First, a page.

If the $25 million is voted into the fiscal year 2009 budget, the money would be available to the university July 1. The legislative session begins Jan. 16, and Takai, who has reached near governmental rock star status for actually asking questions at the hearing with UH athletic administrators in May and for his out-spoken support of UH athletics, is expecting a lot of help with the budget request, as he has not been alone in fielding an inordinate number of phone calls, e-mails and street-side conversations about the conditions at the university.

While no one with any solid judgment would suggest that bigger La-Z-Boys in the athletic department lobby are more important than fixing the roofs on Hamilton and Sinclair libraries, an investment in the athletic department is necessary for it to remain financially solvent and to begin providing returns on the university’s investment.

In the January issue of Hawaii Business magazine, David K. Choo reported on how athletic success has transmitted into academic benefits at universities. Called the “Flutie Effect” after Boston College quarterback Doug Flutie, whose school saw admissions increase following the program’s outstanding seasons in 1984 and ‘85, Choo says schools such as WAC member Boise State have turned athletic success into real money for the university. After the Bronco’s victory at the Fiesta Bowl, online inquiries from prospective students increased 135 percent and the graduate school received 10 times the amount of queries from the year before. Choo also reports the school earned $1.7 million in profits from logo merchandising, and that “... the school foundation raised approximately $16 million for fiscal year ‘07, the second highest total on record.”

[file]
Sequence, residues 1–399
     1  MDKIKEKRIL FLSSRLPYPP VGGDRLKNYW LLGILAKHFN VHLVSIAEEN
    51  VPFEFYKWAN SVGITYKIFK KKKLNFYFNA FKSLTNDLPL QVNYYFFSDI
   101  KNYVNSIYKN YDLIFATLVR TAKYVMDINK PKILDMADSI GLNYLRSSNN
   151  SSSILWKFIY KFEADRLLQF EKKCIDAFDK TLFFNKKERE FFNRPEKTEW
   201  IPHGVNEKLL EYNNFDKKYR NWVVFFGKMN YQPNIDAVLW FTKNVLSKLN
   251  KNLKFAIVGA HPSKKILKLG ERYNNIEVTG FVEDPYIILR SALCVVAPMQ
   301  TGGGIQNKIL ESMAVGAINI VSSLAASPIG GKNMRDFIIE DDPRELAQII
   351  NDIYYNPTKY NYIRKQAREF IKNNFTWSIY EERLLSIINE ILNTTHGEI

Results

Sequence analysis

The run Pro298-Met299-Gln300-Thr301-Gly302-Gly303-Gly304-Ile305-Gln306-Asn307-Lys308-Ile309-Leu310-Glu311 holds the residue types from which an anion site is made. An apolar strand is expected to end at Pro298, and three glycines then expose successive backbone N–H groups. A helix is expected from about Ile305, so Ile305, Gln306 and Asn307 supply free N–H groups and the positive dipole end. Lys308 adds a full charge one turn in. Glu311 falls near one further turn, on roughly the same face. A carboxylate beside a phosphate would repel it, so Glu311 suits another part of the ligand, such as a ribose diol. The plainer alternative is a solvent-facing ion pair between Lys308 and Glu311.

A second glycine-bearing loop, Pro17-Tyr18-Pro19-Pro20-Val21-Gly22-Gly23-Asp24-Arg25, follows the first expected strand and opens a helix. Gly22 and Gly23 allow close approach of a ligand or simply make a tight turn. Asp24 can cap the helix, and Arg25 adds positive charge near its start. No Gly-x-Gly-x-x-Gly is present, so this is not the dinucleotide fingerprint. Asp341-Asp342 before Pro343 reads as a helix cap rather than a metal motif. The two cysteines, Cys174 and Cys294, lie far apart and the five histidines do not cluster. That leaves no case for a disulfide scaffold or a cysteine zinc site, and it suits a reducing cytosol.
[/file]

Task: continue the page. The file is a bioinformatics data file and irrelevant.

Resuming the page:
That the university as a whole and former athletics director Herman Frazier specifically botched the handling of Jones’ contract is old news and not worth going over in any great detail. But what is clear is that the university has to mimic its former coach and look toward the future to figure out how to turn a negative into a positive. Now is also the time for staff, fans and politicians to recognize that athletics is the most recognized face of the university, and what benefits one benefits all.

“It’s an opportunity to leverage athletic success for academic progress,” says Takai. “However you felt about UH athletics and however you continue to feel about the attention that UH athletics is getting, I’m fairly confident the discussion will expand to not only athletics but to the overall university system.”

Whether anyone will listen after the dust settles remains to be seen, but what Jones did was show everyone what is truly possible.

That, not the bungling of his departure, is where the focus should be.